I listened to Second Chances by Gregory Alan Isakov, Sweet Jane by The Cowboy Junkies, and This Will Be Our Year by The Zombies. My favorite is The Zombies’ tune. It conjured up a feeling of music from the seventies. Of course, the Odessey and Oracle album art might have had something to do with that too.
I enjoyed Second Chances and that surprised me a bit. It definitely has a country or folk feel to it. In my youth, I used to say there were only two types of music I didn’t like: Opera and Country. Well, hello new music! Spotify describes Isakov’s music as “dusty folk and moody Americana.”
Spotify provides more information about both the artist and the album. Reading Isakov’s biography, I learned he was born in Johannesburg, raised in Philadelphia (Yo, Adrian!), and relocated to Colorado.
Can’t leave out Sweet Jane! The hypnotic and repetitive bass line calls to mind a tune by Joan Armatrading. I can’t think of the title, but maybe if you listen to it, you can tell me.
In this activity you will be notating some rhythm that you hear in your daily life. It could be a bird call, a dog bark, the traffic, sounds of people in the mall or corner store. On a hike a couple of summers ago, I notated these woodpecker rhythms. As I listened to the rat-a-tat-tat, I wondered if there was a pattern or was the woodpecker simply stabbing erratically at bugs!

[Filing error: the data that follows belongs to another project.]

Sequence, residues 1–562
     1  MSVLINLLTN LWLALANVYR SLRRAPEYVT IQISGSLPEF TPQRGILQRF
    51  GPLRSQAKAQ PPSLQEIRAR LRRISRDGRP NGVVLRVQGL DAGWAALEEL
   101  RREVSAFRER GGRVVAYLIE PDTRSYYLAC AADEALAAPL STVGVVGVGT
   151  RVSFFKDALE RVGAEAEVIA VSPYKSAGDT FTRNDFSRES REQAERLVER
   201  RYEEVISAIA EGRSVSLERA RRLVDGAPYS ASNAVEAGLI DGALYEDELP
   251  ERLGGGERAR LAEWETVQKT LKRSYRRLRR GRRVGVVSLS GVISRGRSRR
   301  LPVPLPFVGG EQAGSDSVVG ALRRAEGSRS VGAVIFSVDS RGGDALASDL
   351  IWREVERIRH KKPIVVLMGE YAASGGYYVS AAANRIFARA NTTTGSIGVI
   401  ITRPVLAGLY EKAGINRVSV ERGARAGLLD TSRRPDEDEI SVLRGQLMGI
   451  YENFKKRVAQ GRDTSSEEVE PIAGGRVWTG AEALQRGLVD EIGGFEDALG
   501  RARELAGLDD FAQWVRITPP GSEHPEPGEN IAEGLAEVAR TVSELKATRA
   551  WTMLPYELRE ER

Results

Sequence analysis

For this exercise, focus solely on rhythm and don’t worry about pitch. Some tips to help: Repeat the rhythm by singing, clapping or tapping. Record it if possible.
Find the pulse and feel for the strong beats. Is the pulse simple (two or four beats per measure) or complex (three or five beats per measure)? Use a single line staff to notate or no line at all as I did above. Clap the rhythm you wrote. Does it match what you heard? Welcome to the world of percussion!
Do you recall the article I wrote about making music from your birth date and name? I heard about the resulting music from some of you. Music teacher Kelly Dugger used the math game with her middle school music appreciation class. Each student composed music for the date of their birth and Kelly played them on the marimba. Saxophone student Kate Richardson composed a pentatonic-based melody using the words “song for Nori.” For Kate, the game served as a starting point to create a short melodic motif.